Lawsuit alleges illegal taping

State agency accused of breaking wiretap law

February 27, 1999|By Walter F. Roche Jr. | Walter F. Roche Jr.,SUN STAFF

The state Injured Workers' Insurance Fund has secretly taped thousands of telephone conversations with unsuspecting lawyers and clients, in direct violation of the state wiretap law, according to a class action suit filed in Baltimore County Circuit Court.

The suit, filed Thursday by Baltimore attorney Jeff E. Messing, charges that the Towson-based fund, which provides workers' compensation insurance coverage to thousands of Maryland businesses, has been taping the telephone conversations without informing callers. The suit does not indicate what was done with the recordings.

Thomas Michels, the attorney for IWIF, did not respond yesterday to requests for comment on the suit. IWIF could face penalties of up to $100 a day for each day the law was violated or $1,000 for each person whose calls were recorded.

The Maryland wiretap law, which has been the focus of national attention recently, states that all parties to a telephone call must give their consent before the conversation may be intercepted or recorded.

A Howard County grand jury is hearing testimony on allegations that Linda Tripp violated the state Wiretapping and Electronic Surveillance Act when she recorded conversations in which Monica Lewinsky detailed her affair with President Clinton.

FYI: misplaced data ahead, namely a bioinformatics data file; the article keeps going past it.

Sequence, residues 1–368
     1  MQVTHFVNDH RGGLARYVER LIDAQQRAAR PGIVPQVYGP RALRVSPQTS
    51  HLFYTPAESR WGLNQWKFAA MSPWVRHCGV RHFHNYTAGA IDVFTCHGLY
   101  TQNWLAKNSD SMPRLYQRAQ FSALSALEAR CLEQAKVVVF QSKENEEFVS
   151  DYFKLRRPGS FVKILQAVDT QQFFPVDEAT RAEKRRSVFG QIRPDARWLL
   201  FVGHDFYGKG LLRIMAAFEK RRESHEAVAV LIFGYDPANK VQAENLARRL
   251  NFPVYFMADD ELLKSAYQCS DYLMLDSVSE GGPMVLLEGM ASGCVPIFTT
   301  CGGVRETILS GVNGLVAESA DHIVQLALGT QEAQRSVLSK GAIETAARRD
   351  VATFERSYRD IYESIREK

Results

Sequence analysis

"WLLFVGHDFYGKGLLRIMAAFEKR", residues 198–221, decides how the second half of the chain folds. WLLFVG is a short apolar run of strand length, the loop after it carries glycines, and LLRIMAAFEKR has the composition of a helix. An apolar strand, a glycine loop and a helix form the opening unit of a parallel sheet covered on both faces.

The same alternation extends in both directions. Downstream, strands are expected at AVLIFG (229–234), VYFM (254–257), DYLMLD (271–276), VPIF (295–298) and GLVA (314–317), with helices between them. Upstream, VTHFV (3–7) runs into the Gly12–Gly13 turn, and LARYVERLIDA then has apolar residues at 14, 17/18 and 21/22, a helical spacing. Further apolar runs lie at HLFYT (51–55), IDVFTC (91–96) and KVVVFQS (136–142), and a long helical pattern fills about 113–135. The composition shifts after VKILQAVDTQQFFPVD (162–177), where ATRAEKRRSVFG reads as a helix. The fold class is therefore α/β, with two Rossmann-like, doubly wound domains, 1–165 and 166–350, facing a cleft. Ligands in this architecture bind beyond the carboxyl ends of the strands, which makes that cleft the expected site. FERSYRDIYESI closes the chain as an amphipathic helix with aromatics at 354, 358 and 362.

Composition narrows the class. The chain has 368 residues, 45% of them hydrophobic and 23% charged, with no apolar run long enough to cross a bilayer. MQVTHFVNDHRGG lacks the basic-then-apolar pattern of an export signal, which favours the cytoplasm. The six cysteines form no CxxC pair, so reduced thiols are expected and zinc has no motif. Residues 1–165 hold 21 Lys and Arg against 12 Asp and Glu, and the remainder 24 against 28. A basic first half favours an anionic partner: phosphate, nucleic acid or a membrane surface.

Created by the legislature about 80 years ago, IWIF is run by a board appointed by the governor. Gov. Parris N. Glendening recently announced plans to create a task force to review IWIF's operations.

The suit filed this week by Messing cites the state wiretapping statute and charges that IWIF routinely records incoming and outgoing calls without prior consent. The wiretap law, the suit notes, contains criminal and civil penalties.

Named as plaintiffs in the suit are Jack J. Schmerling of Glen Burnie, an attorney who specializes in workers' compensation cases, and Robby L. Arnold of Baltimore, who has a claim pending before IWIF.

Messing, who is not a plaintiff, said he became aware of IWIF's tape-recording practices during a recent telephone conversation with an IWIF agent about the status of a claim filed in behalf of one of his clients. He said he asked the IWIF agent whether the call was being recorded and only then was told that it was.

Messing said he then told the IWIF employee he would discuss the case only on a phone that would not automatically record the conversation. He said he was told there was no way to turn off the recorder.

He said the IWIF employee called back about a week later, having found one phone in the IWIF building on Loch Raven Boulevard that was not linked to the recording system.

In addition to damages, the suit asks the court to declare illegal the IWIF practice of automatically recording incoming and outgoing phone conversations without consent and to issue an injunction ordering IWIF to halt the practice immediately.

No hearing date has been set.

Pub Date: 2/27/99

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